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Job rate to grow, but who'll do the work?

It's not the gold or silver. Not even a bronze.

In fact, coming in at No. 16 isn't usually thought of as something to rave about.

But when Pasco County is ranked as having the 16th fastest-growing economy out of Florida's 67 counties, it's nothing to sneeze at.

A forecast released by the University of Florida's Bureau of Economic and Business Research ranked Pasco in the top quarter of the state for predicted job growth between 1995 and 2010.

"For us to be as high as No. 16 in the state, that's pretty strong," said Kendall Spencer, president of the Pasco County Committee of 100. "I was pleased to see there are actually some solid statistics from a third-party source that verify what I've been saying all along. I wasn't totally surprised."

According to the forecast, Pasco will see a 2.8 percent annual increase in job growth. This amounts to an estimated 35,200 more jobs over the 15-year period.

Pasco's growth rate "is much higher than the national average (1.3 percent) and it's much higher than the state average (2.2 percent)," said David Lenze, economist at the Bureau of Economic and Business Research.

The forecast is based on population, age distribution, interest rates and productivity, among other factors.

The job outlook is promising, but some Pasco employers are already facing difficulty in filling certain positions, said Nancy Payne, the Committee of 100's existing business and industry manager.

"It's kind of a Catch-22 at this point," she said. "It's nice to have the job growth, but if your unemployment rate is low and you don't have the people to fill jobs, it can be frustrating."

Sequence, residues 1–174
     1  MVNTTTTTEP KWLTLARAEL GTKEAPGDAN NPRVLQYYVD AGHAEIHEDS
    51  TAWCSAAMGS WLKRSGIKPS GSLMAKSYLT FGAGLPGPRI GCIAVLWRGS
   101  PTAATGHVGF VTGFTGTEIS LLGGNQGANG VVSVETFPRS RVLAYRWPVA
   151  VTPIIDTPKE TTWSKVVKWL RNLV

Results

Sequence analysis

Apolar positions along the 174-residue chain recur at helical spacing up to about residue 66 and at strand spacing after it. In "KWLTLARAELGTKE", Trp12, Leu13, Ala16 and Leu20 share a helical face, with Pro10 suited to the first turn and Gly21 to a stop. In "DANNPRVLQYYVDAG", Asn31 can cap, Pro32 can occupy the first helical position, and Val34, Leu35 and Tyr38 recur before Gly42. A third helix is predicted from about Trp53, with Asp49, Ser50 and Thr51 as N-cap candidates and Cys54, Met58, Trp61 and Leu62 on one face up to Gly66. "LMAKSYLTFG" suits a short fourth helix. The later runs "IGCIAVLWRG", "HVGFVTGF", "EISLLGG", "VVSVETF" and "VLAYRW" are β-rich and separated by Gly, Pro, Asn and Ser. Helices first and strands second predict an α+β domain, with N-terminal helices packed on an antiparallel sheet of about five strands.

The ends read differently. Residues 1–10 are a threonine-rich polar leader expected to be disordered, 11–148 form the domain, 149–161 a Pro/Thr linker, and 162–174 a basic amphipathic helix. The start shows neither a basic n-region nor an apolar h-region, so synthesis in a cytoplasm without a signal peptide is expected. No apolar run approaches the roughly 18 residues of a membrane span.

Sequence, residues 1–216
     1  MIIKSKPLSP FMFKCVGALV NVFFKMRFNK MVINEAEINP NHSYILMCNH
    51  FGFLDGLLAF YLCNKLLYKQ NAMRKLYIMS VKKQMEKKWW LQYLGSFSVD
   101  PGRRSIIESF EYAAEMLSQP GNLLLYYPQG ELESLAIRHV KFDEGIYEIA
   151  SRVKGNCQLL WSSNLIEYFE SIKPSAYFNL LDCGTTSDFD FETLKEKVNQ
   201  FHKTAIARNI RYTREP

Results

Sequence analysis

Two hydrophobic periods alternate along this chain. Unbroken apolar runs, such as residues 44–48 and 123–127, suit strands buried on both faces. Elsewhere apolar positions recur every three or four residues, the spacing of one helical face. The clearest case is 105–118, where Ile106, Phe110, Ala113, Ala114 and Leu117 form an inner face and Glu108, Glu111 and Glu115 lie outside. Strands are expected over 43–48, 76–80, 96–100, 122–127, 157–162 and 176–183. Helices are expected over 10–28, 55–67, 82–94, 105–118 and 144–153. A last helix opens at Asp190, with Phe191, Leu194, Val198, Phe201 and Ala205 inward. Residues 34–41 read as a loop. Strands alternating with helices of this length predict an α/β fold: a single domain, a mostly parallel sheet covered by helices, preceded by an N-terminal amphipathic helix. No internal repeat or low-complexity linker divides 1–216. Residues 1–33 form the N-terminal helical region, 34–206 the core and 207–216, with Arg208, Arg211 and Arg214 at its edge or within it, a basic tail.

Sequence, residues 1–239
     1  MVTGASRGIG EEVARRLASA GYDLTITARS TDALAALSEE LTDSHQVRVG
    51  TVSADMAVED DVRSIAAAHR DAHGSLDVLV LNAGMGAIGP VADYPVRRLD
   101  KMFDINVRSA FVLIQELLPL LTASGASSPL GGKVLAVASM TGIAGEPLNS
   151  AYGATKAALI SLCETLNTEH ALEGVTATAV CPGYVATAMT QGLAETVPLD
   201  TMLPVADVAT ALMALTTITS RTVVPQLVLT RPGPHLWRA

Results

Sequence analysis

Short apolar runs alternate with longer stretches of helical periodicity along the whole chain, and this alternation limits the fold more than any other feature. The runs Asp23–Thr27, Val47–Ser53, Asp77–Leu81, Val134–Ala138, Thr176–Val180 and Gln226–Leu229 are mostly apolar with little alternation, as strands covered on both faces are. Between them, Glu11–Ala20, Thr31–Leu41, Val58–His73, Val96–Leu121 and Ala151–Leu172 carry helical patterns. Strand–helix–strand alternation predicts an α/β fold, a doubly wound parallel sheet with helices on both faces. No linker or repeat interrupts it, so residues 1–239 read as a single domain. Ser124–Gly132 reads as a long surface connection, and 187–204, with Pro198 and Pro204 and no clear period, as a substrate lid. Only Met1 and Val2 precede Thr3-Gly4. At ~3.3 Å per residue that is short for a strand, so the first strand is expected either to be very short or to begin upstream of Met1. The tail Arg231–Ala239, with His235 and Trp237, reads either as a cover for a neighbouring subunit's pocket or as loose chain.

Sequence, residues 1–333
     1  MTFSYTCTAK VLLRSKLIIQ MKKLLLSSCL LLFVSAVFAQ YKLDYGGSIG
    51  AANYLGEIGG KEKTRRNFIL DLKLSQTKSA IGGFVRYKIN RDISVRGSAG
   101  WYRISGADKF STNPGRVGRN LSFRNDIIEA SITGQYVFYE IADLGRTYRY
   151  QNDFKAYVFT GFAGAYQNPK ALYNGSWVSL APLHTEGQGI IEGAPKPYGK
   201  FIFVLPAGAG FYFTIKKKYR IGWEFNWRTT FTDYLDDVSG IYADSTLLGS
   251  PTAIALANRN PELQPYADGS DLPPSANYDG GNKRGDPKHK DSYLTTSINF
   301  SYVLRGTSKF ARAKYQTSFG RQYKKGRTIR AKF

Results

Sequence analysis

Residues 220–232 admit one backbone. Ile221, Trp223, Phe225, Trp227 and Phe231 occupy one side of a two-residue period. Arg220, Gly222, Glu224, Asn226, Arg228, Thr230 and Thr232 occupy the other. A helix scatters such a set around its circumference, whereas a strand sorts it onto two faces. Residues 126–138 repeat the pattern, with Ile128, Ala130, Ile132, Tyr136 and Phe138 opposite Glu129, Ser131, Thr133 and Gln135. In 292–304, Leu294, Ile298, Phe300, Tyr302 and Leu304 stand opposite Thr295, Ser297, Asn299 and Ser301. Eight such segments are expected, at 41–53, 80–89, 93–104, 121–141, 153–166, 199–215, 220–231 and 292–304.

But since the job growth is projected over the next 15 years, Payne thinks the county will have time to build its supply of employees. More and more people are moving into the county each year. Also, road improvements such as the construction of the Suncoast Parkway will start, allowing more workers to commute from other counties.

Commuters have interesting effects on the economies where they work and live. But it's hard to say if they are good or bad.

People who earn a paycheck in one county but live in another tend to spend their money closer to home, Lenze said.

However, even if commuters coming into Pasco County were to make just some of their purchases here, it would be good.

According to another recent study, residents are more likely to buy a car in another county than they are to buy groceries in the next county, Lenze said.

In general, 14 percent of Floridians buy cars in counties other than where they live.

But among commuters, 31 percent buy cars outside of their home counties.

So if Pasco gets more commuters and they make some of their larger purchases where they work, it would be good for the economy.

And clearly more jobs in Pasco mean fewer people commuting out of the county.

According to the 1990 census, the most recent figures available, 37,194 Pasco residents left the county for work, but just 13,848 people from other counties came to Pasco for their jobs.

Lenze cites another study that found Pasco residents make 86 percent of purchases in their home county, 14 percent elsewhere.

"Clearly it's the commuters that would probably be doing a lot of the buying that's outside," Lenze said.

So if Pasco lands 35,200 jobs over the next 15 years, there will be more positions to keep residents on this side of the county line _ and more jobs to lure workers and spenders from the other side.